Government benefits will be easier to obtain later this summer for certain disabling medical conditions. Starting in August, Social Security will add more than 50 compassionate allowances to its fast-track processing system.
Adding new medical conditions to the list of compassionate allowances means more people in Wisconsin can qualify faster for Social Security Disability benefits. The list is made up of severe disorders and diseases that receive priority processing and that are resolved more quickly than other potentially-disabling conditions, from the first application to the final benefits decision.
The 52 new compassionate allowances include several neurological conditions, less-common diseases and certain cancers. The full list will contain 165 obviously-disabling conditions, a list that the commissioner of the Social Security Administration promises will continue to grow.
Almost 61,000 severely disabled individuals received priority treatment and were awarded disability benefits in 2011 through the Compassionate Allowances program. An estimated 173,000 Social Security disability applications have been handled through the speedier process.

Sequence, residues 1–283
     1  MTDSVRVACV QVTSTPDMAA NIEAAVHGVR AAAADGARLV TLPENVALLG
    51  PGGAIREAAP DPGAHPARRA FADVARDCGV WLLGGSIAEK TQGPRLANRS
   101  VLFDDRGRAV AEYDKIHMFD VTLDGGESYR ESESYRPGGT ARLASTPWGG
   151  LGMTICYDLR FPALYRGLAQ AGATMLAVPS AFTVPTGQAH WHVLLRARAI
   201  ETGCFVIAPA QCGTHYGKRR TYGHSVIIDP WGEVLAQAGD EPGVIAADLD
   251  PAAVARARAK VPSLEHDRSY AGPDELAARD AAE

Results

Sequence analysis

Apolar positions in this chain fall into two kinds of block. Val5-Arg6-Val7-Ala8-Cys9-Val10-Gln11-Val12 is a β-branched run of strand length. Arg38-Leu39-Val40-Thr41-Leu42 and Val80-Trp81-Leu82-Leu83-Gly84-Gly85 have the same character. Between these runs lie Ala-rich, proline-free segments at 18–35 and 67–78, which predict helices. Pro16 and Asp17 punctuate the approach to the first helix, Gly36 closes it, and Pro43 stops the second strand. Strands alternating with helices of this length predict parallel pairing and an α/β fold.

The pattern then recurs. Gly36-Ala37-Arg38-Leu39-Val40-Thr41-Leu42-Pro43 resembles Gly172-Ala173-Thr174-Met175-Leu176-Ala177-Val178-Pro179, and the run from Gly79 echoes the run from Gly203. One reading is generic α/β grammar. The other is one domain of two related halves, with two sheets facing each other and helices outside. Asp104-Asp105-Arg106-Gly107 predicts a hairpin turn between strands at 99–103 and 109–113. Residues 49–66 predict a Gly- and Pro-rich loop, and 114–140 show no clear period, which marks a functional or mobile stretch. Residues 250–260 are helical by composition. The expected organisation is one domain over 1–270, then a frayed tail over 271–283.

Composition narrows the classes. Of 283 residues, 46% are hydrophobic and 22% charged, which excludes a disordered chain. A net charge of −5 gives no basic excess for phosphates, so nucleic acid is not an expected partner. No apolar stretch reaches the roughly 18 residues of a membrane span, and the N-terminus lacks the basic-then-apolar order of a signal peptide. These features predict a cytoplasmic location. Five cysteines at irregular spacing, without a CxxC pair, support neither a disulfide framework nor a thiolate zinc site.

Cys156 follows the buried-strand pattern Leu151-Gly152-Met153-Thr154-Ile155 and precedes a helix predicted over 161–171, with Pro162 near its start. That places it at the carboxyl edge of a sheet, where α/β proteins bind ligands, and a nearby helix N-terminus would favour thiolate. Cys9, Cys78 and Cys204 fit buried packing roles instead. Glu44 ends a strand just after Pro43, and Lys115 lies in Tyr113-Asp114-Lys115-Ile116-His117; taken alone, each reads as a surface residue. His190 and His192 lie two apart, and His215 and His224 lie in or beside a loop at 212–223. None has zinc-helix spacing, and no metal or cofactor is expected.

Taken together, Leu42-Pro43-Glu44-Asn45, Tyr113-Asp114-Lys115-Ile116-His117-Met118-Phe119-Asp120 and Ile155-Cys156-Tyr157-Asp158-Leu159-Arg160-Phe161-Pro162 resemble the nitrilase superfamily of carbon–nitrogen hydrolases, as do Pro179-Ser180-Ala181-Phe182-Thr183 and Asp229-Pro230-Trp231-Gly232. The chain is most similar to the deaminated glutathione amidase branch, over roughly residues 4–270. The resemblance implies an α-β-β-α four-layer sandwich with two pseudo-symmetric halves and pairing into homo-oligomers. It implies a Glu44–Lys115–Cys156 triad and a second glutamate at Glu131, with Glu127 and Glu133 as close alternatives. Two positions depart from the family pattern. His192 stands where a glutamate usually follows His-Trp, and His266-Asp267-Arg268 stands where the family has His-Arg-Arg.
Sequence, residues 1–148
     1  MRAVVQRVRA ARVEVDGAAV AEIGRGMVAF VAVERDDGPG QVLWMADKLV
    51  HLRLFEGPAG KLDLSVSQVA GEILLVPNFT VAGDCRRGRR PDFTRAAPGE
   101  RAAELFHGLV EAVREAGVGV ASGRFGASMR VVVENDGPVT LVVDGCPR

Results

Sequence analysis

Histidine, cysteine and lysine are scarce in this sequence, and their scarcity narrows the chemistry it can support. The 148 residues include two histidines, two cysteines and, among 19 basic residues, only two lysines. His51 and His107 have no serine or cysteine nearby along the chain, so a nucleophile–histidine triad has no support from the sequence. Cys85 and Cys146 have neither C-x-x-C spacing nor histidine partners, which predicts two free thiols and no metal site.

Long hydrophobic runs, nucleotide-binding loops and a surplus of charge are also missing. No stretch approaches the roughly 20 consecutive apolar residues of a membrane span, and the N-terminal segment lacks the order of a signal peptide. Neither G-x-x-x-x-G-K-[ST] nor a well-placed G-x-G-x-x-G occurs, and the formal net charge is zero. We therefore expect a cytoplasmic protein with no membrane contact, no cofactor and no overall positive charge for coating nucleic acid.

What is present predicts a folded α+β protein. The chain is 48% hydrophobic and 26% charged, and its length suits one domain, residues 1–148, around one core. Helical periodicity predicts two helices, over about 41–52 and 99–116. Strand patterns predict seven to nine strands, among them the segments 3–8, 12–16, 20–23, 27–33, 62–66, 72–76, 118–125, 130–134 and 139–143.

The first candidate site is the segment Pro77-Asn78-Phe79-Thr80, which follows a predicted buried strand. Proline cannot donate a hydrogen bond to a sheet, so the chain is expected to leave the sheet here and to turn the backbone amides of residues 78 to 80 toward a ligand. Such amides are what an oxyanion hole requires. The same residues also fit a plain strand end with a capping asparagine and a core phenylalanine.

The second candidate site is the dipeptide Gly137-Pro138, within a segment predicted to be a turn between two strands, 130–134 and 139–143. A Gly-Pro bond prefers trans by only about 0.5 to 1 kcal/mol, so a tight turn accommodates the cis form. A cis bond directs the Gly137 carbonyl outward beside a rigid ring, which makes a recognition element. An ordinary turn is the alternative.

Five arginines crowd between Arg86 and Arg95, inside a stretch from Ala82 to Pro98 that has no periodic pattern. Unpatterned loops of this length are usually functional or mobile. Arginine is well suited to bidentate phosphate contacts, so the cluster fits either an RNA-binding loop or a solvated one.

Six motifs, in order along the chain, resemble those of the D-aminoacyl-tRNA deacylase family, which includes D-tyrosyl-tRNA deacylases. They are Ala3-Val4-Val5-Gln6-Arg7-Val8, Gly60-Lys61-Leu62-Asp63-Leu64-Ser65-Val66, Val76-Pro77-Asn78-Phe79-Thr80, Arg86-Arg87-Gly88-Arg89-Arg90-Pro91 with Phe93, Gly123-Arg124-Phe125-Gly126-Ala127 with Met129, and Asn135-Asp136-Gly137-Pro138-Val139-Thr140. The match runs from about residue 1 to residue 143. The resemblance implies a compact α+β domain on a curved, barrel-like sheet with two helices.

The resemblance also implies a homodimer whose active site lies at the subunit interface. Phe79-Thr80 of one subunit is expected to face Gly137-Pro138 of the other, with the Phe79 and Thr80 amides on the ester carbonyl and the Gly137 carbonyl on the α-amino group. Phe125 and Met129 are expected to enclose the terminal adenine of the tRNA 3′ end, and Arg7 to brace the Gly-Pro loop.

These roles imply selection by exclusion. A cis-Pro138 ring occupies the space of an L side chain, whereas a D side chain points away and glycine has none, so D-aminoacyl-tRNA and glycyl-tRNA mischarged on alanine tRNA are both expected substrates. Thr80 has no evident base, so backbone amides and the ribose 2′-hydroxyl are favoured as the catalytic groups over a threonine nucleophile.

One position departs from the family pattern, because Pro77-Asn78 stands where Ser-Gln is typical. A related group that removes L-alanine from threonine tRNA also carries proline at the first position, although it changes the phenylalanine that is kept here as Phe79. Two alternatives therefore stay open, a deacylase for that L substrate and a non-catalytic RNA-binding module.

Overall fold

The Social Security Administration periodically increases the number of compassionate allowances after considering advice from the National Institutes of Health, scientists and medical experts. The government benefits provider also gathers input from the public at scheduled community hearings.
The need for fast-tracking some medical conditions indicates that the regular application and decision process for Social Security disability takes time. Disabled individuals may find it difficult to maintain the energy and stamina needed to deal with a lengthy and complex benefits application process.
A long-term disability attorney can help develop a personal action plan for clients who need assistance understanding and gathering medical information, talking with insurance companies, preparing a disability application or appealing a claim denial.
Source: Marshfield News Herald, "New Social Security allowances mean faster decisions for disabled," Ken Hess, June 23, 2012